Behind-the-scenes volunteers Barbara and Peter Guy take center stage for Aspen Hall of Fame induction
If there were ever an example of a reciprocal relationship between a community and its residents, it would be Barbara and Peter Guy, whose contributions to Aspen have landed them in the Hall of Fame.
As longtime residents, volunteers and proprietors of the beloved Steak Pit restaurant, the Guys will be inducted into the Aspen Hall of Fame on Saturday evening.
“It’s really an honor to be on the list,” Peter said this week from their home in New Castle. “We’re honored and humbled.”
The couple moved to lower altitude and warmer climes after they sold the Steak Pit in 2002.
But they still host annual gatherings for longtime friends in Aspen who make the pilgrimage. The most popular is the “Peach Day/Salad Day” when close to 50 people show up.
While they built a solid family of employees over the decades at the Steak Pit, it is the Guys’ contributions to the community that have led them to be recognized.
“They were behind-the-scene volunteers who were off the radar,” said Lorna Petersen, president of the Aspen Hall of Fame.
Since the time they arrived in Aspen from the East Coast in 1960, the Guys have immersed themselves in volunteer and service work.
Peter served multiple terms on the Pitkin County Planning and Zoning Commission and was involved in drafting Pitkin County’s original master plan in 1966.
“When you get into something like that you’d like to think you are trying to help and make a difference,” Peter said. “I hope a lot of the master plan work stands out. … There is a lot of open space and viewplanes that were protected.”
He also was an Aspen School Board member for more than 20 years, and was involved in the beginning of the Aspen Chamber of Commerce visitors bureau and the Aspen Restaurant Association.
The parents of two children, Charlie and Cary, the couple became active volunteers with the Aspen Ski Club, especially on race days.
Peter did the racecourse timing and Barbara did fundraising.
“We had a lot of bake sales in the Buttermilk garage,” Barbara recalled.
She also served as the secretary at the Aspen Community Church and volunteered at the Thrift Shop.
Peter said when they arrived in town they thought it was Utopia.
“It was magic,” Peter said. “It was the people and the incredible beauty.”
It was a time in Aspen when everyone knew each other and it was a tight-knit community.
“Volunteering was just natural,” Peter said. “You gain one friend and then you’d have two more and everyone just helped each other.”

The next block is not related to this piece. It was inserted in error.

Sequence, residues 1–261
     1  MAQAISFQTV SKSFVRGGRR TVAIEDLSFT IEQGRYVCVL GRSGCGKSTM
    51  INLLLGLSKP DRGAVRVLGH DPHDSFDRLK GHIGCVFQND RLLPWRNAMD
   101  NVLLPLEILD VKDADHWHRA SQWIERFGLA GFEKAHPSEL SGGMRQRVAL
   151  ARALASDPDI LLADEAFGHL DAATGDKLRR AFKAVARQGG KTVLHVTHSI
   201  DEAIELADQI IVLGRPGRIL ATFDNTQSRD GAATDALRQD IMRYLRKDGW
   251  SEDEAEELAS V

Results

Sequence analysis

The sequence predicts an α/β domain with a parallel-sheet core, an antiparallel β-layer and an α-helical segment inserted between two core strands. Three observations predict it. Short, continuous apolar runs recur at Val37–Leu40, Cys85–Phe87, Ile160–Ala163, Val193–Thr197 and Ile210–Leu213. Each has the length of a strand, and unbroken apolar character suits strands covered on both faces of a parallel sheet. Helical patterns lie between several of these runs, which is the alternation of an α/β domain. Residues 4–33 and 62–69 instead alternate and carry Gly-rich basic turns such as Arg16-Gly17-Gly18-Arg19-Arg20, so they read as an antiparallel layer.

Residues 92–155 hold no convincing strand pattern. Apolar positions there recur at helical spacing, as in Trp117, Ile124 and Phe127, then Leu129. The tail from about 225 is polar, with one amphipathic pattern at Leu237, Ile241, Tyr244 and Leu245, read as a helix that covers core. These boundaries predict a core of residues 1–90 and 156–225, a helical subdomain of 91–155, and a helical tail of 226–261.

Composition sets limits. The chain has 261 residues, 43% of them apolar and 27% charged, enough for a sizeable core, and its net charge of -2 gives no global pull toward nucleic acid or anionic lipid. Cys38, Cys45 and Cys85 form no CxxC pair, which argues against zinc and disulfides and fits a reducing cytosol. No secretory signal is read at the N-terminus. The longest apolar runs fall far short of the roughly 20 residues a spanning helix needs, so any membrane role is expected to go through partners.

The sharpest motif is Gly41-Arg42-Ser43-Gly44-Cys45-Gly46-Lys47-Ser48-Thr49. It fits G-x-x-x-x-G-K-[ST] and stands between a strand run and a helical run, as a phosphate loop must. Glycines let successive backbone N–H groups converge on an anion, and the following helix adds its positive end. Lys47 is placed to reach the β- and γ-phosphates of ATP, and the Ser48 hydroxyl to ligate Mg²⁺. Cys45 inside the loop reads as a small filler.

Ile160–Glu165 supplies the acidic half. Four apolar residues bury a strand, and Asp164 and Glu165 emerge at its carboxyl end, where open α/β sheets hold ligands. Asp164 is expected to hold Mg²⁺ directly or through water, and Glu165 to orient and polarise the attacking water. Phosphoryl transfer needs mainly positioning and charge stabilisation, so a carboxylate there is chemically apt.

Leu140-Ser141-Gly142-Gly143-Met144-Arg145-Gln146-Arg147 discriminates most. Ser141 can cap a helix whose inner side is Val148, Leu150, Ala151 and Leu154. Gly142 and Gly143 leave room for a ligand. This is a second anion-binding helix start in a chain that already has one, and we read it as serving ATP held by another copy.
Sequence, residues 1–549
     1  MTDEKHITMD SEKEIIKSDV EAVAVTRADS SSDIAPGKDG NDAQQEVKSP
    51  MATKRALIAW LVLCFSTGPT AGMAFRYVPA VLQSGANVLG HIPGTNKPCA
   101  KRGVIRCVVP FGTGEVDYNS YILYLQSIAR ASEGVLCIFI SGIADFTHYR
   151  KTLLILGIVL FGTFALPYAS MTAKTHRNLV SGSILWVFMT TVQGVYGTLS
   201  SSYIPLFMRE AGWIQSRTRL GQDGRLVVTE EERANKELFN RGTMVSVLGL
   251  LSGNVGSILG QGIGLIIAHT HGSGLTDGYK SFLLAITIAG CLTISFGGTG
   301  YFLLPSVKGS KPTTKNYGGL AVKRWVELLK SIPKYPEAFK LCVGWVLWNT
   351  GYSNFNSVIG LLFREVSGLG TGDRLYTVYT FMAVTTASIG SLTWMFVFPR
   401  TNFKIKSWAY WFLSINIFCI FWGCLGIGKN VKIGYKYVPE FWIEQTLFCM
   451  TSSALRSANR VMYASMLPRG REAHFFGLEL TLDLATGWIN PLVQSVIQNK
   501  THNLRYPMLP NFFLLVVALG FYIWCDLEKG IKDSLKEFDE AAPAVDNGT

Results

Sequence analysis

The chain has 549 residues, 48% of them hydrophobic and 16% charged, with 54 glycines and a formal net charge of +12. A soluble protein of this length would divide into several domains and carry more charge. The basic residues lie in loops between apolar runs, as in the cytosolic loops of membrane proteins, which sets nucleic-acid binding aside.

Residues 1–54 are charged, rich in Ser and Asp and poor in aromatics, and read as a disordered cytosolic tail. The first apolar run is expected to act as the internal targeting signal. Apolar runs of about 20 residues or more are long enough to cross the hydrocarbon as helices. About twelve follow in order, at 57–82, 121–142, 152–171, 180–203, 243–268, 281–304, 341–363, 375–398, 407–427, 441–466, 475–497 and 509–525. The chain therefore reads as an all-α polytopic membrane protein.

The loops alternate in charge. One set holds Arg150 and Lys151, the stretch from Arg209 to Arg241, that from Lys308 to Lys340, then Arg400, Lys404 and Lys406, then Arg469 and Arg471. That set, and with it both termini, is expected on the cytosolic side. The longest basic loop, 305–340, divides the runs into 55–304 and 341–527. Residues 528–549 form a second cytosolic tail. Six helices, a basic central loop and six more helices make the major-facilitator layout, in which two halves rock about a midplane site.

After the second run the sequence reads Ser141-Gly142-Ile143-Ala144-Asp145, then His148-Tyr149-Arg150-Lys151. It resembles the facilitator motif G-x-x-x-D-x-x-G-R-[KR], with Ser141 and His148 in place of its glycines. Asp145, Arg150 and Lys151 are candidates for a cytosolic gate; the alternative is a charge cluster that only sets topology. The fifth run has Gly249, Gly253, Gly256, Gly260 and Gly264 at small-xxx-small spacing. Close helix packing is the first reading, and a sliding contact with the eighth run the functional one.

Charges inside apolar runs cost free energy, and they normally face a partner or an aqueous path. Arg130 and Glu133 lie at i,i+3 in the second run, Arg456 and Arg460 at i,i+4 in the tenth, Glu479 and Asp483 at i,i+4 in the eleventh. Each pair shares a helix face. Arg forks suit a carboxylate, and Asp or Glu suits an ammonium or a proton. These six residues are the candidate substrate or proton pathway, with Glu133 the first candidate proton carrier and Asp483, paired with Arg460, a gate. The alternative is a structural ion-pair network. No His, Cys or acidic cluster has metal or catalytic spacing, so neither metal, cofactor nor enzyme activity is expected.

They created the first Project Graduation, which is an organized, adult-supervised and alcohol-free post-graduation party.
The Guys also joined other restaurateurs in feeding international ski racers when the World Cup arrived in Aspen in 1968.
They hosted those racers in their home and made sure they got to the hill on time.
Living in Massachusetts as a young couple with two children while Peter was getting his degree in geology at Williams College, they had never considered moving west.
But their friend Chuck Rolles called them one day and asked them to come help open a restaurant in Aspen.
“I call it serendipity,” Peter said. “Our timing was perfect. … We lucked out.”
It was the town, sense of community and the people who drove the Guys to want to participate in civic endeavors.
“I don’t know if we’d be doing the same thing in say Albany, New York, or Springfield, Massachusetts,” Peter said.
Peter, 83, and Barbara, 84, met in 1956 at Stowe, Vermont. Now they are celebrating 62 years of marriage.
And their volunteering hasn’t stopped just because they left Aspen.
Barbara volunteers for Lift Up and at health fairs. Peter serves on the board of Alpine Bank, youth hockey in Glenwood Springs and Hospice of the Valley.
They’ll attend Saturday evening’s banquet with family and a former international ski racer they hosted for years, along with a lot of friends and former Steak Pit employees who will be there to celebrate with them.
But don’t expect just because they made it into the Aspen Hall of Fame that Barbara will be sharing her coveted recipe for the famous homemade hot fudge she served up at the Steak Pit.
“That is something that will end up on the back of my memorial program,” she laughed.
Support Local Journalism
Support Local Journalism
Readers around Aspen and Snowmass Village make the Aspen Times’ work possible. Your financial contribution supports our efforts to deliver quality, locally relevant journalism.
Now more than ever, your support is critical to help us keep our community informed about the evolving coronavirus pandemic and the impact it is having locally. Every contribution, however large or small, will make a difference.
Each donation will be used exclusively for the development and creation of increased news coverage.
Start a dialogue, stay on topic and be civil.
If you don't follow the rules, your comment may be deleted.
User Legend: Moderator Trusted User
With the retirement of Colorado’s color-coded COVID-19 restrictions dial, state and local leaders are today steering Colorado toward a pandemic off-ramp. Whether that succeeds or fails will depend mightily on a few more weeks of personal responsibility and restraint from a restrictions-fatigued population.